Isochronic Tones: Isochronic Tones

Instead of being a sine wave pulse like monaural beats, isochronic tones are individual pulses of the same tone. They are typically better at entrainment in most entrainment applications and have the added benefit of not requiring both ears to work. This is especially beneficial to individuals with impaired or a loss of hearing in one ear. These tones can also be used to entrain each hemisphere seperately or together since they only require one ear. However similar to monaural beats, isochronic tones begin to lose effectiveness (though still effective to some degree) below 4hz, and they generally must also be louder than the other beats to be effective.

 Delta/Theta Stimulus Response
It should be noted that all brainwave states are present in the brain at all times, with one brainwave pattern dominating. That is to say, if you are in an alpha state, that doesn't mean to say you are only experiencing alpha waves, but rather that alpha waves make up the largest percentage of brainwaves at the current moment. The picture on the right illustrates this. The individual was given a delta/theta brainwave frequency series and clearly there can be seen a spike in the theta and delta brainwave states, yet there is still activity in the higher brainwaves, ending with very little in the 40hz (gamma) frequency range.


Brainwave States

Brainwave States











Gamma: Found in monks experiencing transcendental mental states, and during bursts of insight or high level information processing.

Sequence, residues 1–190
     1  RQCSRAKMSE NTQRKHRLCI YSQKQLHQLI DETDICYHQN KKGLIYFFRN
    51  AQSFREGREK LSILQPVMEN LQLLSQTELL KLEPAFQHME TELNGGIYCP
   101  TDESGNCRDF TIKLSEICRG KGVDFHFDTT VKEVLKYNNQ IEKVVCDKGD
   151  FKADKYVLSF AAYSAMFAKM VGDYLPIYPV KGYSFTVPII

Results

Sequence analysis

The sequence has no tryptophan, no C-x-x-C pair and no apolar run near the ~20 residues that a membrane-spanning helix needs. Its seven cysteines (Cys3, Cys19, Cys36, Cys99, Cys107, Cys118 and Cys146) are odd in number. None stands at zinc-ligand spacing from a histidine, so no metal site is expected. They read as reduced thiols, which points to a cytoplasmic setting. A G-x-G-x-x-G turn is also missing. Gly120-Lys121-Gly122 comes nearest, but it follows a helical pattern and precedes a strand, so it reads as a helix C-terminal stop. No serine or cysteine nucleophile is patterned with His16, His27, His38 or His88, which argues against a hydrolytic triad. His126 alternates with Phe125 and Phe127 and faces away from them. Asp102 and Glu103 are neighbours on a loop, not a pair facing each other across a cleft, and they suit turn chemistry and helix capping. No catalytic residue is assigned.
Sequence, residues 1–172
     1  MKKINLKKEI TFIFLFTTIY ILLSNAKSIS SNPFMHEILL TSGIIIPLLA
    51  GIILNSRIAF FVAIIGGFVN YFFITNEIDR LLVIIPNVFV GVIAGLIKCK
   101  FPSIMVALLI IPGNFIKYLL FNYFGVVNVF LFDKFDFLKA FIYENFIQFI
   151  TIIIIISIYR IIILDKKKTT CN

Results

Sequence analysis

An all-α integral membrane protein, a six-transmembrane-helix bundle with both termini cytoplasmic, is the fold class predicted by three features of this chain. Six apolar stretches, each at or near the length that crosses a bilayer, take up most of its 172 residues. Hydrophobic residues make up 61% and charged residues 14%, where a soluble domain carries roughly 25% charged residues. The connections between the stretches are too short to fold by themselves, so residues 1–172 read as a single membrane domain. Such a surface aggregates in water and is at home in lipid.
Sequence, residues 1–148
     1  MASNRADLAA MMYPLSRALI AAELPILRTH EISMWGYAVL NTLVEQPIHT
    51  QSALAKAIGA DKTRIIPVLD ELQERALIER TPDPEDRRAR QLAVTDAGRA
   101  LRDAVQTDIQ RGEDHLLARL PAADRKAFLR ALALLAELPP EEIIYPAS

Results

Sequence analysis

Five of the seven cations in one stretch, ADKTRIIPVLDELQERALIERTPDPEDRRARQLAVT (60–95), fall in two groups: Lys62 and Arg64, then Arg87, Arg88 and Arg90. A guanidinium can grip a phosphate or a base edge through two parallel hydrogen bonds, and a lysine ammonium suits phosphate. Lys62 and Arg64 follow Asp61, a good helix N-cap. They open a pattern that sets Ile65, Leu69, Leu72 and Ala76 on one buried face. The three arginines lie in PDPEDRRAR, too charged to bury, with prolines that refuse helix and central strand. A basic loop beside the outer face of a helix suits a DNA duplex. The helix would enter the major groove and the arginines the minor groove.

Beta: Normal waking state; present during times of increased attentiveness, concentration, energy, and stable emotions.
Alpha: Relaxed state during meditation, daydreaming, first thing in the morning, just before falling asleep, and hypnosis.
Theta: Dominant during light and rem sleep, extreme relaxation, increased creativity, visualizations, imagination, and problem solving.
Delta: Usually during deep, dreamless sleep, also during the "White Light", or "Void" meditative states of timeless suspension.
Extraordinary and Recently Discovered States:


HyperGamma 100 - 200hz
Frequencies found much weaker in most individuals, however recent research had revealed a higher dominance of Gamma and Hyper Gamma brainwaves in Tibetian monks, especially during Loving Kindness meditations.

Lamda 200+hz

 Only recently discovered due to the difficulty in obtaining an accurate EEG reading at these levels. Lamda brainwaves are associated with integration and wholeness, as well as ecstatic states of consciousness.

Epsilson < 0.5hz

As with the Lamda brainwaves, these brainwaves were only recently classified due to the difficulty in the recording of such low brainwave states. Epsilon brainwaves seem to share the same states of consciousness (integration, wholeness, and ecstacy).
It has been postulated that along with the Epsilon waves, there are Lamda waves modulating along with them; essentially an Epsilon wave with Lamda waves embedded within it. And conversely, Lamda waves are seen as riding upon a larger Epsilon wave. This would explain the strong similarities between Lamda and Epsilon waves*.


*As noted by Dr. Jeffrey D. Thompson at the Center for Neuroacoustic Research